So before ordering I went and checked out the one other restaurant properly, just in case. You should always do this because it was excellent.
After a fantastic lunch we were cycling along next to the river when James started to overheat despite it only being a balmy 35°C. James has chilly Scottish blood and can’t deal with proper weather so spotting a little metal bridge over to a shady road, he decided we should cross it. Unbeknownst to us it was a Bridge of Evil under which lived multitudinous maleficent insects that looked like skinny wasps. They took umbrage at us crossing the Bridge of their Dark Overlord and expressed their anger by rising up in swarms and stinging the fuck quite literally out of us.
James went first and was about half way across when he shouted OW FUCK and sort of ran/stumbled the rest of the way pushing his loaded bike. It looked comical and I was halfway through saying “hahahaha what the fuck’s wrong with you you big pussy?” when I got stung and shouted OW FUCK and sort of ran/stumbled the rest of the way, stubbing my toe on the way. It really fucking hurt, each sting felt like someone putting a cigarette out on your skin.
Half an hour later, miles from anywhere, under a searingly hot sun, James rode over a huge evil looking thorn and got a flat. Resisting the notion that some malevolent supreme authority was fucking with us for not believing in him we chirpily said no big deal, just pop on a new inner tube and off we go, after all no one ever sets off on a bike tour without a couple of spare inner tubes do they?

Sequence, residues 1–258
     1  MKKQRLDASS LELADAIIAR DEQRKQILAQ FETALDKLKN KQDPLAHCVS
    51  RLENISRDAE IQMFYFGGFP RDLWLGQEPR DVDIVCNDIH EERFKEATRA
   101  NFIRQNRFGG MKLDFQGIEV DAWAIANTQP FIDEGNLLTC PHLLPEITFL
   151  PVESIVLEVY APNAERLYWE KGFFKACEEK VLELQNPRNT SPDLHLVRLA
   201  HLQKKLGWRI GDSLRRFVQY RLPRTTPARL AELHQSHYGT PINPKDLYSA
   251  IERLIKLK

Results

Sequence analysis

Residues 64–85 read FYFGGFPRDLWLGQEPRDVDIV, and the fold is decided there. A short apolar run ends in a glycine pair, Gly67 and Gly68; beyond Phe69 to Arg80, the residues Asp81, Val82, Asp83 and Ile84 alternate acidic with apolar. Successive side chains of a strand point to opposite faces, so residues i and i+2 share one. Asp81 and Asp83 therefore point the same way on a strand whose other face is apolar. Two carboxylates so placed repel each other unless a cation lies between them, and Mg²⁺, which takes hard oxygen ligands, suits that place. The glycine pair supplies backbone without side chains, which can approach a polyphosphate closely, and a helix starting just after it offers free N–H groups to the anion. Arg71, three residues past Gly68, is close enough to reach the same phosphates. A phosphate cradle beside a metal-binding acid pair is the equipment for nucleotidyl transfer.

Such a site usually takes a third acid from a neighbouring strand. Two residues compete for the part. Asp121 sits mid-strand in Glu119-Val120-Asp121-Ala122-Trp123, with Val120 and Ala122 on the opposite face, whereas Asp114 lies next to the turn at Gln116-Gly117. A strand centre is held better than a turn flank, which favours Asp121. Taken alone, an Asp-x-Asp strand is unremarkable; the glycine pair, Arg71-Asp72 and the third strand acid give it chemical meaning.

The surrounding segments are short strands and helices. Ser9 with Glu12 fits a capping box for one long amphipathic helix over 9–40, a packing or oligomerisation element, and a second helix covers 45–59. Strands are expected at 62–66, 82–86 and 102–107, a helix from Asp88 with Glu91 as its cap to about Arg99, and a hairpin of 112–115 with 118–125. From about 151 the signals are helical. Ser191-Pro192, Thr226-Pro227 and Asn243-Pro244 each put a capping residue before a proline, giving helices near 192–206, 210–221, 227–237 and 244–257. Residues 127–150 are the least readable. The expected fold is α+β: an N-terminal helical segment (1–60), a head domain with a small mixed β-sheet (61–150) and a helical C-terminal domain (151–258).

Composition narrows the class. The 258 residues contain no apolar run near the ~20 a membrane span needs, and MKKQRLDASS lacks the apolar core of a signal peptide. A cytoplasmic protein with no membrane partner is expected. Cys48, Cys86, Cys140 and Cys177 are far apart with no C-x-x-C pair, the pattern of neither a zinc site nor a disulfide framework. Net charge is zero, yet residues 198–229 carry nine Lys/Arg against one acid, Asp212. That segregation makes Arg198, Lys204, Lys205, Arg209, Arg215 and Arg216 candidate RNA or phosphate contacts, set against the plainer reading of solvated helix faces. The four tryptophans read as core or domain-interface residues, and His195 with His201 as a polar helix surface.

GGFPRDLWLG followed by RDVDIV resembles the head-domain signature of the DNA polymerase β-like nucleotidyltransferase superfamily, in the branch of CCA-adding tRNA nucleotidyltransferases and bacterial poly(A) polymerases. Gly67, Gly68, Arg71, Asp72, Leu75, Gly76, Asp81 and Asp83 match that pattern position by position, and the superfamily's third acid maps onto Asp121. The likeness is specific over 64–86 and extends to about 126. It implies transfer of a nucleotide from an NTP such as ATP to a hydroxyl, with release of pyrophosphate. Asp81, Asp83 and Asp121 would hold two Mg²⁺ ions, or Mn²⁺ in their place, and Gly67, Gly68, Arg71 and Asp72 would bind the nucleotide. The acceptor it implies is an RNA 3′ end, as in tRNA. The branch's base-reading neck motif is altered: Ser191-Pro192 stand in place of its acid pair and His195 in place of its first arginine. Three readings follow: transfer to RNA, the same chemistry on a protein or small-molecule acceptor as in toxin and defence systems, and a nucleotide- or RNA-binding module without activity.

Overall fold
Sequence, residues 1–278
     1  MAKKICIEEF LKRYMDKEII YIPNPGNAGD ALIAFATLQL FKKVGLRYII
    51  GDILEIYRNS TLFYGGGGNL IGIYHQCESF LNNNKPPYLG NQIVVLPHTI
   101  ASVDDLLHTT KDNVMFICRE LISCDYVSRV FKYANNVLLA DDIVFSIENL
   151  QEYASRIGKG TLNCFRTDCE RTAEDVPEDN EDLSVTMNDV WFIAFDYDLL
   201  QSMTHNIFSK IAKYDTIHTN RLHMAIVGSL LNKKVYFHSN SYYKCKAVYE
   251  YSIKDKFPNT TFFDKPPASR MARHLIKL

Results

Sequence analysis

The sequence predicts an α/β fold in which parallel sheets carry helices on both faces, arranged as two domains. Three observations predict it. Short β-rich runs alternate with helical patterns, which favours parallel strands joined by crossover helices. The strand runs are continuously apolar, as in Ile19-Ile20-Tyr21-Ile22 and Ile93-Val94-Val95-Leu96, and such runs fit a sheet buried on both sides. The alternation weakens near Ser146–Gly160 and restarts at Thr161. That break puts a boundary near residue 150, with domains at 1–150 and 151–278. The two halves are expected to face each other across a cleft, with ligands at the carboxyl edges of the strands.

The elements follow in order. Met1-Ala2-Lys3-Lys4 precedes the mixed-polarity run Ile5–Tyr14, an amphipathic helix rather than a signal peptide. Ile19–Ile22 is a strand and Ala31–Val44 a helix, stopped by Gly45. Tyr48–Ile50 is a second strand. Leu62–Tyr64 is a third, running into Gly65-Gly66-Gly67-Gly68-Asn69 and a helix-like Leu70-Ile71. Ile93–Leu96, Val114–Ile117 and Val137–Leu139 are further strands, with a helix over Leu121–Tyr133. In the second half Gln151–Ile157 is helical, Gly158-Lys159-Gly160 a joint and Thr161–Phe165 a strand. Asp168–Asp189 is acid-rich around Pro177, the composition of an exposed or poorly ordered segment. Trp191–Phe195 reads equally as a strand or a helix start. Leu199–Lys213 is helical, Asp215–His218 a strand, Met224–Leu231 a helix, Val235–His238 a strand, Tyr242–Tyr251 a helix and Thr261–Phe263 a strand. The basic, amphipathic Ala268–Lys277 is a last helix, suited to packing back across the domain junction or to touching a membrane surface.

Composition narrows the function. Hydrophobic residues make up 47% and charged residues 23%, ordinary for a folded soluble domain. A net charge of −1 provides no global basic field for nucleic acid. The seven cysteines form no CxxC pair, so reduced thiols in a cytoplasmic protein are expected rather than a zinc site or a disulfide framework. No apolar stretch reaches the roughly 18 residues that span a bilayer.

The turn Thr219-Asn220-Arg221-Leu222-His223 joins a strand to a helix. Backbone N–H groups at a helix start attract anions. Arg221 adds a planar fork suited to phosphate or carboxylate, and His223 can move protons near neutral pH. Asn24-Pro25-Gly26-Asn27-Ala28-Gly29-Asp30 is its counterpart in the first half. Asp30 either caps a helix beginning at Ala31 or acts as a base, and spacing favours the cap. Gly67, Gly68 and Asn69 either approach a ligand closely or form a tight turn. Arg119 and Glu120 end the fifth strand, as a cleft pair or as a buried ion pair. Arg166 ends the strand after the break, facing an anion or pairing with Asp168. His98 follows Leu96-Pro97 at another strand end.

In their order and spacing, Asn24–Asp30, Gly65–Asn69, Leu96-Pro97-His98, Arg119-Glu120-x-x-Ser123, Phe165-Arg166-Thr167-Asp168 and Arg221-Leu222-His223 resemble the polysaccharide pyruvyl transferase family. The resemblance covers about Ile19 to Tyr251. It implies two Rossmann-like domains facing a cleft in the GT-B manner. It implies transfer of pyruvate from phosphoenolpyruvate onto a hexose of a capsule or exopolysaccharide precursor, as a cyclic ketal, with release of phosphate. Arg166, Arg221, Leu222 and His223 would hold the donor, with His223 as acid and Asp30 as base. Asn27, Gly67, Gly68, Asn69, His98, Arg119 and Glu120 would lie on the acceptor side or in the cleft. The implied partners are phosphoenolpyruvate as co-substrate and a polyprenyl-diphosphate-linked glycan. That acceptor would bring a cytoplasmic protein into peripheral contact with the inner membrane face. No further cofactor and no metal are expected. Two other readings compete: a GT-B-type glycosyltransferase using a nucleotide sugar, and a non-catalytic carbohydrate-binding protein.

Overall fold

Jimmy patched up the hole as best he could with a little repair kit he’d brought along by accident and we hobbled, stopping every 15 seconds to pump the tire up again until we arrived in Montelimar, changed the inner tube and set about looking for an apero and a decent meal.
The main drag was lined with typical French brasseries that all looked the same and were full of French tourists. We chose one at random, Le Rallye, a big busy factory of the sort that doesn’t care if you never come back because there are hundreds of other rubes queuing up behind you for a table. I ordered steak frites hoping (vainly as it turned out) that they would have just enough professional pride not to fuck up France’s national dish. It was terrible, so was the wine, so was the service.
We camped in a little wood near a little village whose only bar was shut and that night it rained. And the thing is I have only fond memories of that day.
We awoke to a perfect Provencal morning and took breakfast on the square of a small town whose name I can’t remember.